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The Permissive Environment is the Perpetrator


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The Permissive Environment Is The Suspect…

The permissive and participatory conduct which most employees
take for granted,eventually escalates into the more serious
assaultive behavior commonly referred to as employee on employee
workplace violence starts with innuendos, a bad word, or simple
jokes taken out of context or used to inflame another.
Initiation of a proper and thorough investigation is possible
under the auspices of a Threat Assessment Team. Banter between
employees if left alone by supervisors becomes tense and often
results in a more aggressive response. The truth of the matter
is that in most cases this banter is perceived as harmless shop
talk.

Supervisors often believe that this healthy shop talk builds
camaraderie and does not detract from performance. However, such
permissive behavior empowers the potential perpetrator who may
feel he enjoys the partiality of the supervisor. After all, he
does his job, pumps out the numbers and meets the “bosses”
demands. Regardless of the relationship and his performance,
definite and clear action should be taken initially to curtail
the potential of an explosive situation from impacting the
workplace. The spontaneous reaction by the victim is surprising
and could be sufficiently volatile to affect bystanders as well.

Remembering that the business owner is ultimately responsible
for the actions they fail to take in any situation places the
decision in question. The prevention of workplace violence
requires a proactive response. Security is everyone’s
responsibility but ultimately but ultimately management’s duty.
The exposure to violent behavior by non employees is yet another
issue which will be presented in future articles.

In a permissive environment, the uninformed employee has no idea
that emotions tied into simple acts of harassment are an
explosive combination often leading to a spontaneous counter
response by the victim. While the response is unfortunate in
terms of who ultimately precipitated the incident, the victim
who is now taking the action into his hands becomes the
aggressor and must be held accountable.

Using a Threat Assessment Team or a trained group of individuals
would be the proper approach in this scenario and in future
incidents. The conduct of the Threat Assessment Process would
involve the total analysis of information and intelligence
available about the participants, the incident and the
environment in order to render a fair and impartial outcome.
Being properly trained is key. Knowledge of how to conduct a
fact finding investigation is critical to the successful
determination of the type of disciplinary action or criminal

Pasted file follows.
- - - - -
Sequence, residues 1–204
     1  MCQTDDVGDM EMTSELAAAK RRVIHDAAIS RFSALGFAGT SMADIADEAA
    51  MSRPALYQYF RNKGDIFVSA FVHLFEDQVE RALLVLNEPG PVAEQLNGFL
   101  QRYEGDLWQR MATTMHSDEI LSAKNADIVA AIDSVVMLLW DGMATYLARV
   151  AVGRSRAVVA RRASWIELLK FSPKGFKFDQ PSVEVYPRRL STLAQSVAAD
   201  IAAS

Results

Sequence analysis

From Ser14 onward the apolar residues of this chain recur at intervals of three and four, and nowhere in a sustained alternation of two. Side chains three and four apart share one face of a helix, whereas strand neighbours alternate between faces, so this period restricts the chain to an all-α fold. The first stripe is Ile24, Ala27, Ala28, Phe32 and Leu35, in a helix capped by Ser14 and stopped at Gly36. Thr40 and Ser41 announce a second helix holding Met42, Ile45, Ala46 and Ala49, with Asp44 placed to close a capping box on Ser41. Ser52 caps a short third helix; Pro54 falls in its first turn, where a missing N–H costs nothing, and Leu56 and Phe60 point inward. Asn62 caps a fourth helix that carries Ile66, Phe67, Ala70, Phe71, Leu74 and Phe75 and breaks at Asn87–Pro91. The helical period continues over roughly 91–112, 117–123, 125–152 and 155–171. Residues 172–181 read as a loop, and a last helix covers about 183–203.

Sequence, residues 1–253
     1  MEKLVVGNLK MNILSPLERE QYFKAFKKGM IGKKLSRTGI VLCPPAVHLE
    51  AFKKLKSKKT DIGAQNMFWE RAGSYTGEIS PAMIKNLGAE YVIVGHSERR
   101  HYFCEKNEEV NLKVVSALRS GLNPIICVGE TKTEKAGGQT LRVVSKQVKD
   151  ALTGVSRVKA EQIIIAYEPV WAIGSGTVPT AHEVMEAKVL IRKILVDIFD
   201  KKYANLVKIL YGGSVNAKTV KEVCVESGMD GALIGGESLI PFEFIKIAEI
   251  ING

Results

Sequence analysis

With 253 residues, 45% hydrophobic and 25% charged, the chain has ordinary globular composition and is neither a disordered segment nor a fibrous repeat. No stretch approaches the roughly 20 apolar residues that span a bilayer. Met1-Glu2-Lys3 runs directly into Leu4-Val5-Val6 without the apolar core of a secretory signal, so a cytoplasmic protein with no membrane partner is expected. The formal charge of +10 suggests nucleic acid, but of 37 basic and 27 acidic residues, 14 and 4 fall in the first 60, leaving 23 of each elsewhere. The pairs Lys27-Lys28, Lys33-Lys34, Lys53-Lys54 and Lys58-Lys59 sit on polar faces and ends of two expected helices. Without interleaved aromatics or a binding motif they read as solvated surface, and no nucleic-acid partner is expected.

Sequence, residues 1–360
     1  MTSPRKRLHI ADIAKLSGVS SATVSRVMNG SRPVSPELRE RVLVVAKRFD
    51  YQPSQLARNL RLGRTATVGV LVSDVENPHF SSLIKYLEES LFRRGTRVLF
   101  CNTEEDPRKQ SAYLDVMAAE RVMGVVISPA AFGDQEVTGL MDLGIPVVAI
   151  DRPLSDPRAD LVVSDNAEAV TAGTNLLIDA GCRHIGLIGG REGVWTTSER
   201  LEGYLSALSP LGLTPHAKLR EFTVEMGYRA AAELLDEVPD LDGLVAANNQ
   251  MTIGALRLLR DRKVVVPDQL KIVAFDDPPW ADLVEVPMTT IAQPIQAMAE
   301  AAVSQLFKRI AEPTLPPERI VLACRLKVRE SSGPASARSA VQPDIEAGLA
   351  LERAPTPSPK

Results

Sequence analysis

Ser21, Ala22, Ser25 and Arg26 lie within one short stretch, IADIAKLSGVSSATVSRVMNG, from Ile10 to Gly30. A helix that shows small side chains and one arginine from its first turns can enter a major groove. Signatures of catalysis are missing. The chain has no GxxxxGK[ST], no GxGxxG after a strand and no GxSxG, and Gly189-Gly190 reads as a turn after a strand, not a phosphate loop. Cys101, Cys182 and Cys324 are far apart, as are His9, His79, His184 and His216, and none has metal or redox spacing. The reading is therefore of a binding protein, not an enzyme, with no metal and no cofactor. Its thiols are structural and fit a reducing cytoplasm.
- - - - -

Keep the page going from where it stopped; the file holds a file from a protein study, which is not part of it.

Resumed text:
prosecution might bring. The process should synchronized and
well coordinated and reflective of the organization’s leadership
team if possible to insure that the preliminary responsibility
of conducting the fact finding investigative process does not
fall on the shoulders of the Security Director only. The major
players of the Threat Assessment Team should include at a
minimum: the Immediate Supervisor, Personnel & Human Resource
Managers, Employee Assistance, Safety and Security Managers, to
insure a thorough Threat Assessment (Investigation) is
conducted.

In Assessing the above scenario the root cause of the
confrontation was the unabated name calling, verbal abuse and
innuendos, in a contributory and improperly supervised
environment. Supervisors who fail to step in can be held civilly
liable and responsible for their failure to act early or
appropriately to prevent escalation or confrontations. In cases
of death or serious injury between employees or customers,
wrongful death law suits are often filed in addition to criminal
prosecution. Not knowing is no longer a legitimate excuse. When
supervisors fail to act appropriately, management has the burden
of investigating the incident, dealing with the issue of the
aggressor over the contributory behavior of the instigator and
decide on the appropriate progressive actions (disciplinary or
referral to local police) necessary.

And, so while a Zero Tolerance Policy is necessary and highly
recommended, it should not be an absolute standard in
administering discipline until the “root cause” of the
contributory behavior becomes clear through the Assessment
Process. When controlling or addressing the potential fruits of
unwelcome behavior or to more appropriately, prevent incidents
dealing with a Workplace Security Issue, every situation should
not be resolved in the same manner with the same administrative
decision. Any broad-brush approach to enforcing the Zero
Tolerance Policy sours the innocent bystanders and prejudices
the potential witnesses who may fear retaliation or retribution,
factors which may further complicate the disciplinary process
and/or criminal referral.

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  • Posted On April 19, 2006
  • Published articles 283513

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